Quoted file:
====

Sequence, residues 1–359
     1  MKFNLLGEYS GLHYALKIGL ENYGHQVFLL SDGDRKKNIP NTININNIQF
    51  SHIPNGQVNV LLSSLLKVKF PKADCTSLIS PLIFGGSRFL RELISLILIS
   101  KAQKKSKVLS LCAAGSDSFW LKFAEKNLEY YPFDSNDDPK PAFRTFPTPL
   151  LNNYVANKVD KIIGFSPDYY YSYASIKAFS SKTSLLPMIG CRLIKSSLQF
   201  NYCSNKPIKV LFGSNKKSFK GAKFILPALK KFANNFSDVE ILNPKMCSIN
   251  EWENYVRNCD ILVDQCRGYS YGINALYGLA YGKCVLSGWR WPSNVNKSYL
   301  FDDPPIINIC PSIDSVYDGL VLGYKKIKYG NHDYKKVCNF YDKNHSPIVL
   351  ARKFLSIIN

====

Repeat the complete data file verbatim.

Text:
Sequence, residues 1–359
     1  MKFNLLGEYS GLHYALKIGL ENYGHQVFLL SDGDRKKNIP NTININNIQF
    51  SHIPNGQVNV LLSSLLKVKF PKADCTSLIS PLIFGGSRFL RELISLILIS
   101  KAQKKSKVLS LCAAGSDSFW LKFAEKNLEY YPFDSNDDPK PAFRTFPTPL
   151  LNNYVANKVD KIIGFSPDYY YSYASIKAFS SKTSLLPMIG CRLIKSSLQF
   201  NYCSNKPIKV LFGSNKKSFK GAKFILPALK KFANNFSDVE ILNPKMCSIN
   251  EWENYVRNCD ILVDQCRGYS YGINALYGLA YGKCVLSGWR WPSNVNKSYL
   301  FDDPPIINIC PSIDSVYDGL VLGYKKIKYG NHDYKKVCNF YDKNHSPIVL
   351  ARKFLSIIN